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The Employment Potential of Scotland's Hydro Resource

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2 Methodology

2.1 Overview

In order to fully assess the employment potential of the hydro sector in Scotland it is first necessary to revise the estimate of the number and scale of potential installations. This is achieved by re-running the Hydrobot ® model with updated assumptions.

The analysis then examines the lifecycle of hydro schemes at a range of sizes to determine the full-time equivalent jobs needed to develop and maintain them. These figures are combined with the re-run of the Hydrobot ® model to estimate the overall jobs potential of the hydro industry in Scotland. The results are then married with a prediction of the hydro industry's growth over time to derive an estimate of the job growth within the sector.

2.2 Hydrobot ® model and parameters

In analysing a river basin, Hydrobot ® operates as follows:

1. River courses and the flow duration curve at each point on every watercourse are modelled across Scotland.
2. Watercourses affected by existing hydro schemes or other licensed abstractions are removed from subsequent calculations.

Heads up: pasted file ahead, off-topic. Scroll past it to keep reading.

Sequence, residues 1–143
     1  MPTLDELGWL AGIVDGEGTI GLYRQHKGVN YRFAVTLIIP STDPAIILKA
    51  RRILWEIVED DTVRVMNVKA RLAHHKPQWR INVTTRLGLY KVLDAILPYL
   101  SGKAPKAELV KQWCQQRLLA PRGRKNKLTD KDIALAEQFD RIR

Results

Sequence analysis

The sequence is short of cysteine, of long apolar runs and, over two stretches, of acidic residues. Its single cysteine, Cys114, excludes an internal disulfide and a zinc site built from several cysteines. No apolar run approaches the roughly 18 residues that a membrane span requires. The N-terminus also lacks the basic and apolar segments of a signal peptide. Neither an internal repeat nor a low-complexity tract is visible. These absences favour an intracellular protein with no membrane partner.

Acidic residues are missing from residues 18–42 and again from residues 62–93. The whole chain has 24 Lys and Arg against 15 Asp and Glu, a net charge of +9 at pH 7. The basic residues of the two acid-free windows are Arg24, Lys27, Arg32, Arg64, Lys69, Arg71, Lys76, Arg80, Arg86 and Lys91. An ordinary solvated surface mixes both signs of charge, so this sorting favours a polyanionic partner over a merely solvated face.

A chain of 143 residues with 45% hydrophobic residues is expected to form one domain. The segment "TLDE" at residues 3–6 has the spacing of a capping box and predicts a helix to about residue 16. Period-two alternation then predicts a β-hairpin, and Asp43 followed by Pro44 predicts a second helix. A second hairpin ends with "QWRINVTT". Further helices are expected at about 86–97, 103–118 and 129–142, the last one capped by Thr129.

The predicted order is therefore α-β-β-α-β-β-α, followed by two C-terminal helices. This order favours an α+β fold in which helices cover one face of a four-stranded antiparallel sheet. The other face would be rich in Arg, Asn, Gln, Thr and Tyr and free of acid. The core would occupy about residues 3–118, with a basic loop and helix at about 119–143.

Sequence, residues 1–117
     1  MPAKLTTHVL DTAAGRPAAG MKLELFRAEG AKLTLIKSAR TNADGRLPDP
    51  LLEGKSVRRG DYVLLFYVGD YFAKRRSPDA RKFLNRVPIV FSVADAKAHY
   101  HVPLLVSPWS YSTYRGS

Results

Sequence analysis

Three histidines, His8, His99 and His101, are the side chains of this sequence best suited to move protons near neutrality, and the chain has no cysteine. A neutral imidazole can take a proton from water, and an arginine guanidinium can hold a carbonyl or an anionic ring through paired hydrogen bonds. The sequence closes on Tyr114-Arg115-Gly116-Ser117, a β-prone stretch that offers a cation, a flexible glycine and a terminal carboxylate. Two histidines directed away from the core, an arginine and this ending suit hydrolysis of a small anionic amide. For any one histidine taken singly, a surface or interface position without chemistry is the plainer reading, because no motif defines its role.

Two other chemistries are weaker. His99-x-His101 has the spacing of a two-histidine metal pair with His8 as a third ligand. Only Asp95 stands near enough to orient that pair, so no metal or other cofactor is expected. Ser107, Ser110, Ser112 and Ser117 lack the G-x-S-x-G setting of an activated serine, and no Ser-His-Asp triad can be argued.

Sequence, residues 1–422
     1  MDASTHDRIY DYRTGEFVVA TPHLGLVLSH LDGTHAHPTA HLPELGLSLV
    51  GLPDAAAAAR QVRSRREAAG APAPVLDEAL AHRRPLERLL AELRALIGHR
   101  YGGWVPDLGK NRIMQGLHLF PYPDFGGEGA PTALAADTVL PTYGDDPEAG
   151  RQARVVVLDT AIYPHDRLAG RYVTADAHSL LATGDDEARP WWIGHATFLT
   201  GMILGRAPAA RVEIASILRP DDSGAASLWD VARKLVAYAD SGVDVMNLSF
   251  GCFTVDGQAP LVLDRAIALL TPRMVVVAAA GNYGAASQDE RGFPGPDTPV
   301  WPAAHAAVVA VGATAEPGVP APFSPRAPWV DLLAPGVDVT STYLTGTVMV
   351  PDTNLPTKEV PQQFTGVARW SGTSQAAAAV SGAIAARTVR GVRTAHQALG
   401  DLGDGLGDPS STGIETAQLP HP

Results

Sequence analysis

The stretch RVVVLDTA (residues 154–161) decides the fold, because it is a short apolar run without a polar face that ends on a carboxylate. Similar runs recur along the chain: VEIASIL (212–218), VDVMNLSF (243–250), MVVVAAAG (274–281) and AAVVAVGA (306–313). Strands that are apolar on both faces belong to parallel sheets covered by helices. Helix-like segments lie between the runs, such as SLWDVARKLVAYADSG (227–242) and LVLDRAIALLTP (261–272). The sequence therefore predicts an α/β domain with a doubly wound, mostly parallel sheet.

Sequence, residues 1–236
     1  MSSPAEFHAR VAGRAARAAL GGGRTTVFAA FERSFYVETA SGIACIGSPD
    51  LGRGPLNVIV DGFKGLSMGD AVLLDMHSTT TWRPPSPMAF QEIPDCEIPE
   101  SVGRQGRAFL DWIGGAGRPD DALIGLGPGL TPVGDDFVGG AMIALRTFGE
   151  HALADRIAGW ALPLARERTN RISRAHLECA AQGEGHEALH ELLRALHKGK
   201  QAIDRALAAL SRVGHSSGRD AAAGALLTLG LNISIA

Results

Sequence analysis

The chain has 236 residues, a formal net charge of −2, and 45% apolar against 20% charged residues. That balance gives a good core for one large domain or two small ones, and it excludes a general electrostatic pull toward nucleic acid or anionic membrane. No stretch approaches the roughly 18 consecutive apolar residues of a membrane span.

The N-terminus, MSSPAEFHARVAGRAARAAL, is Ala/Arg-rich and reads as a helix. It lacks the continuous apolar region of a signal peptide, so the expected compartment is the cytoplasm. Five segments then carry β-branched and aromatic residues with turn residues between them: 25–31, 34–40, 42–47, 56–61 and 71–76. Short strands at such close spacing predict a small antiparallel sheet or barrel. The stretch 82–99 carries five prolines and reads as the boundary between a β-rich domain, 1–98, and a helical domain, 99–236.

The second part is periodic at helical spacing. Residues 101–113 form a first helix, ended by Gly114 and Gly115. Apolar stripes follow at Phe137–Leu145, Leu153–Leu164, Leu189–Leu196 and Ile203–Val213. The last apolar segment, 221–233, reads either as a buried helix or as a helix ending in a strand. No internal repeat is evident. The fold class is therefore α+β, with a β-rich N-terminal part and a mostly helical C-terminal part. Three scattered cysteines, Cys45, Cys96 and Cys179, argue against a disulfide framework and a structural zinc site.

3. Likely sites for high-head turbines are selected, and nearest grid-connections are located at three voltage levels.
4. A range of penstock lengths from 20m to 1500m are simulated. For each length, turbine and other elements are sized appropriately using industry standards.
5. Each configuration is evaluated using cost formulae for each element, and the lifetime energy is calculated based on the flow duration curve. This leads to selection of the "best" solution.
6. The process is repeated with the turbine 20m upstream, until no better solution is found for that site.
7. Each financially viable scheme is tested to see whether it might be better as a storage scheme rather than run-of-river.
8. Nearby schemes are tested to see whether they would be better joined into one large scheme or kept as separate ones.
9. Weirs registered under the Controlled Activities Regulations are tested for low-head hydro potential, similar to high-head but without the penstock.

Input parameters can be varied to suit current economic conditions and policy changes. Such parameters were not the main focus of this study (as they were in the FREDS study last year), so were maintained at the following levels:

  • Recovery period: schemes were deemed viable if they broke even within 20 years, including interest, taxes, etc. A typical hydro scheme should keep generating for well over 30 years, with a turbine overhaul at some stage after 20 years.
  • Business rates: £9/kW per year
  • Railway crossing ransom charge: 33% of NPV payable to rail company for penstocks crossing under a railway
  • SEPA license and subsistence charge thresholds in accordance with current charging levels